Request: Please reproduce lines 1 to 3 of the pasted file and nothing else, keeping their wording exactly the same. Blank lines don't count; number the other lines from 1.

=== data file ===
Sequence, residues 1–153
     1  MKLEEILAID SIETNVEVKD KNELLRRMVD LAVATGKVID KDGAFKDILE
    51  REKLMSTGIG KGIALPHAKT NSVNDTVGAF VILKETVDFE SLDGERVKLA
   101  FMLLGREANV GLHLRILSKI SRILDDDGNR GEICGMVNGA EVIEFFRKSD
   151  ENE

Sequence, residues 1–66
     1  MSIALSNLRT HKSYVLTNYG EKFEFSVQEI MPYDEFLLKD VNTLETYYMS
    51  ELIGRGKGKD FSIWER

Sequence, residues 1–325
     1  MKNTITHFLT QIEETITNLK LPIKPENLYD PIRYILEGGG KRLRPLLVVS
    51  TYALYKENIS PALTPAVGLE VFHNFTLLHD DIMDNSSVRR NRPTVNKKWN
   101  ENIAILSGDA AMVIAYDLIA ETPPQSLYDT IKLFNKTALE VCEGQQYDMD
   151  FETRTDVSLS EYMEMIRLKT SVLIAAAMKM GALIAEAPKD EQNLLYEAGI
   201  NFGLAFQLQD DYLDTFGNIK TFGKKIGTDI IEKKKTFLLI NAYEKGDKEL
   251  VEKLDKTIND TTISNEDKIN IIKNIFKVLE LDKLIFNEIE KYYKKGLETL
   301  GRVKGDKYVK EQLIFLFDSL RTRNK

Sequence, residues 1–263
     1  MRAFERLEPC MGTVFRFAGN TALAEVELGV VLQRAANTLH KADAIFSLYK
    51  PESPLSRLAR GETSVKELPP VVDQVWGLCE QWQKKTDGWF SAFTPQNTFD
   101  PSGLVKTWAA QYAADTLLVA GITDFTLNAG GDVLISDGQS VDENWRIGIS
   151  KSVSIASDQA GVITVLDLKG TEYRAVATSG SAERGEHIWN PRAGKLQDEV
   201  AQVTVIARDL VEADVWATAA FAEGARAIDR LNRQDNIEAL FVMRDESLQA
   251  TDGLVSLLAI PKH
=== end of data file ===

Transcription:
Sequence, residues 1–153
     1  MKLEEILAID SIETNVEVKD KNELLRRMVD LAVATGKVID KDGAFKDILE
    51  REKLMSTGIG KGIALPHAKT NSVNDTVGAF VILKETVDFE SLDGERVKLA